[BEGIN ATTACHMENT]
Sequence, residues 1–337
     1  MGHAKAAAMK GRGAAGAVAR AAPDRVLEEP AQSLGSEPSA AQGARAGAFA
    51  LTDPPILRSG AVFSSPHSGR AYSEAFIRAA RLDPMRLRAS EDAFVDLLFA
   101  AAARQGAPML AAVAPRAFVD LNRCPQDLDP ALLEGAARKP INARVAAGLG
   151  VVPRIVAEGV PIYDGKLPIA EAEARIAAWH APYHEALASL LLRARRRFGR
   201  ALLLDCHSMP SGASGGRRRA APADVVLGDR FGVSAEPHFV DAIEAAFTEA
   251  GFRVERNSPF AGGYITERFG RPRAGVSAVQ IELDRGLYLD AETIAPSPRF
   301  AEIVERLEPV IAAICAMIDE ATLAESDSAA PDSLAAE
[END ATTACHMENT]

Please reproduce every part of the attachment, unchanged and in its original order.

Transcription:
Sequence, residues 1–337
     1  MGHAKAAAMK GRGAAGAVAR AAPDRVLEEP AQSLGSEPSA AQGARAGAFA
    51  LTDPPILRSG AVFSSPHSGR AYSEAFIRAA RLDPMRLRAS EDAFVDLLFA
   101  AAARQGAPML AAVAPRAFVD LNRCPQDLDP ALLEGAARKP INARVAAGLG
   151  VVPRIVAEGV PIYDGKLPIA EAEARIAAWH APYHEALASL LLRARRRFGR
   201  ALLLDCHSMP SGASGGRRRA APADVVLGDR FGVSAEPHFV DAIEAAFTEA
   251  GFRVERNSPF AGGYITERFG RPRAGVSAVQ IELDRGLYLD AETIAPSPRF
   301  AEIVERLEPV IAAICAMIDE ATLAESDSAA PDSLAAE